US Upset Over South Africa Extraditing Chang To Mozambique


The United States has deeply expressed disappointment over South Africa’s decision to extradite Mozambique’s former Finance Minister Manuel Chang to Maputo (Mozambique), to face court trial over alleged corruption and accepting huge bribes,  the official statement from the US Department of Justice showed. 

US Justice Department spokeswoman Nicole Navas said that “the US government is deeply disappointed with the South African government’s decision to extradite Manuel Chang to Mozambique instead of the United States. Mozambique’s former finance minister is accused in the United States of defrauding US citizens of millions of dollars and causing significant harm to Mozambique and its people.” 

The US administration stresses that “justice would be best served by extraditing Mr. Chang to the United States,” but the US Justice Department promises to continue its “commitment to pursue large-scale fraud, bribery and money laundering and hold those responsible accountable.” 

Manuel Chang was Mozambique’s finance minister during President Armando Guebuza’s government between February 2005 and December 2014 and gave the go-ahead for secret loans worth around two billion euros. 

According to the US investigation, much of the fraud and money laundering took place through transfers processed by banking institutions in New York. 

In the context of the US government indictment, submitted on 19 December 2018, US prosecutors explained the request to extradite Manuel Chang to New York by the seriousness of the criminal offence, risk of flight and “irrefutable evidence of guilt”. J

ean Boustani, a Lebanese businessman tried in the same case, was found not guilty by the US jury on December 2, 2019, because prosecutors failed to convince the jury that the case was relevant to the United States. 

A spokesperson for the South African justice ministry explained that Manuel Chang, detained since 29 December 2018 in South Africa at the request of the US, will be “handed over to the Mozambican authorities to be tried under Mozambican law for abuse of position and function, violation of budget laws, fraud, embezzlement, passive corruption, money laundering and criminal association.” 

The decision announced on Monday ended a multi-year stalemate, as in October 2019 South Africa’s High Court ruled previous Justice Minister Michael Masutha’s decision to extradite Manuel Chang to Mozambique invalid as he “still enjoyed immunity” in his country, referring the case back to the new Justice Minister Ronald Lamola.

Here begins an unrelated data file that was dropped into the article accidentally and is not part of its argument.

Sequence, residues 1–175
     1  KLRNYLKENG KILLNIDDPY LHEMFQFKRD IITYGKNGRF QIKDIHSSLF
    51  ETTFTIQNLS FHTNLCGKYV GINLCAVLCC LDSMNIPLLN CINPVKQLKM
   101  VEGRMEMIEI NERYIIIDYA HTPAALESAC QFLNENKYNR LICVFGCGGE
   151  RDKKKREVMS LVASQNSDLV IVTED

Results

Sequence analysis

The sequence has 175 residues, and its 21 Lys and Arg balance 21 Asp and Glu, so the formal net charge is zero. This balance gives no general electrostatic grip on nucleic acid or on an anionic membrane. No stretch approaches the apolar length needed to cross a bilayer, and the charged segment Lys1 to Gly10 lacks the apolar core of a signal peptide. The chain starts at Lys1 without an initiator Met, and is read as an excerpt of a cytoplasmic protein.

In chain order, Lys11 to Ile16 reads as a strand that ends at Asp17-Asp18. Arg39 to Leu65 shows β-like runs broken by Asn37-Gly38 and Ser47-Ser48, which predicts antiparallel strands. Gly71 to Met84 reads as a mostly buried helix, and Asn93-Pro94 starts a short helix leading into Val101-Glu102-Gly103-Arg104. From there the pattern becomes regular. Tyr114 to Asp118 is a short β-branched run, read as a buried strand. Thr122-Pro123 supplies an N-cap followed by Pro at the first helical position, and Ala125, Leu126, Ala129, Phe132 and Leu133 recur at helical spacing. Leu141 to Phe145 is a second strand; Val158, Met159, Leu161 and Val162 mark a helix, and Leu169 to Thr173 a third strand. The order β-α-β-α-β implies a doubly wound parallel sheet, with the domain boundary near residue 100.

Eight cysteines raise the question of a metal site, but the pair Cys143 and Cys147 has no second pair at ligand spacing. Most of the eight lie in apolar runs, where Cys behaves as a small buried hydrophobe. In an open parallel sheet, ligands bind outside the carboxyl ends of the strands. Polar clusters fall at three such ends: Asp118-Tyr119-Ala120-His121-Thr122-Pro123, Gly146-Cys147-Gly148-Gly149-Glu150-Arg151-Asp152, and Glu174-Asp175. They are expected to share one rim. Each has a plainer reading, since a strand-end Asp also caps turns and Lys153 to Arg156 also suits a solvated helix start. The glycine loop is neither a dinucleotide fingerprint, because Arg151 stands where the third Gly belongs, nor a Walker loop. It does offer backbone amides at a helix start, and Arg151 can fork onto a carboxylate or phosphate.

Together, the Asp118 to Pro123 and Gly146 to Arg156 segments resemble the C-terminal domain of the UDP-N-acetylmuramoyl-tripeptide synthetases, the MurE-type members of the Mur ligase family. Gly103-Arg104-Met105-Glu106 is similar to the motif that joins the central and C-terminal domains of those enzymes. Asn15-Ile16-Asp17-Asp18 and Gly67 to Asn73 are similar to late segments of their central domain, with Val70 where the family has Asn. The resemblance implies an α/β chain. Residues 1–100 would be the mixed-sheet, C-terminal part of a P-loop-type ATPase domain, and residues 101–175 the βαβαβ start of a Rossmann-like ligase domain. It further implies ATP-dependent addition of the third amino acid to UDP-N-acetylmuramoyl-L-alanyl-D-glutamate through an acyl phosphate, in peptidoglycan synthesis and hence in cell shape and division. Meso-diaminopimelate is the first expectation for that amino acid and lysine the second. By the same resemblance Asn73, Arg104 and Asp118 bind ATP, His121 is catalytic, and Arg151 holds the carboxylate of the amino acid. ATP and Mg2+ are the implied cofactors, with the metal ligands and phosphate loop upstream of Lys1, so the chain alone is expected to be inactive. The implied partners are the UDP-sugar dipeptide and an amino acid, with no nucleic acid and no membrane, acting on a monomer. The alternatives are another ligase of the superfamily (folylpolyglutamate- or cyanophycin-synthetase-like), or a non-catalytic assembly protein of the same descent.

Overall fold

The transfer of Manuel Chang from the Modderbee Correctional Centre, east of Johannesburg, to the authorities in Mozambique is being facilitated by the International Criminal Police Organisation (INTERPOL), according to a spokesman for the South African Justice and Correctional Services. 

According to the US indictment, Chang guaranteed debts of over US$2.2 billion (about two billion euros) contracted in favour of public companies Ematum, Proindicus and MAM, linked to fishing and maritime security in Mozambique. Reports further indicated that many US investors had lost money in what was described as a US$2 billion loan scam involving two banks, the Credit Suisse and the Russian VTB bank.

The secrecy and corruption surrounding the loans dealt devastating blows to Mozambique’s credibility and reputation. It was the Wall Street Journal first revealed the hidden debt in April 2016.The Maputo City Judicial Court has rejected the request for a list of 35 witnesses submitted by defence lawyers in the hidden debts case.

The trial, which began August 23, is considered as the biggest corruption case in Mozambique’s history and will see 19 defendants in the dock, with 70 witnesses and 69 declarants, according reports.

The defendants include Guebuza’s son Armando Ndambi Guebuza, and ex-president Guebuza’s former private secretary Inês Moiane and political adviser Renato Matusse as well as former director-general of the State Information and Security Service (SISE), Gregório Leão, and former director of economic intelligence of the institution António Carlos do Rosário.

Among the witnesses listed in the application by the lawyers, which have since been rejected, are the Mozambican President, Filipe Nyusi; the Prime Minister, Carlos Agostinho do Rosário; the Mozambican Justice Minister, Helena Kida; and Agriculture Minister, Celso Correia.

Kester Kenn Klomegah

Kester Kenn Klomegah is an independent researcher and a policy consultant on African affairs in the Russian Federation and Eurasian Union. He has won media awards for highlighting economic diplomacy in the region with Africa. Currently, Klomegah is a Special Representative for Africa on the Board of the Russian Trade and Economic Development Council. He enjoys travelling and visiting historical places in Eastern and Central Europe. Klomegah is a frequent and passionate contributor to Eurasia Review.

Leave a Reply

Your email address will not be published. Required fields are marked *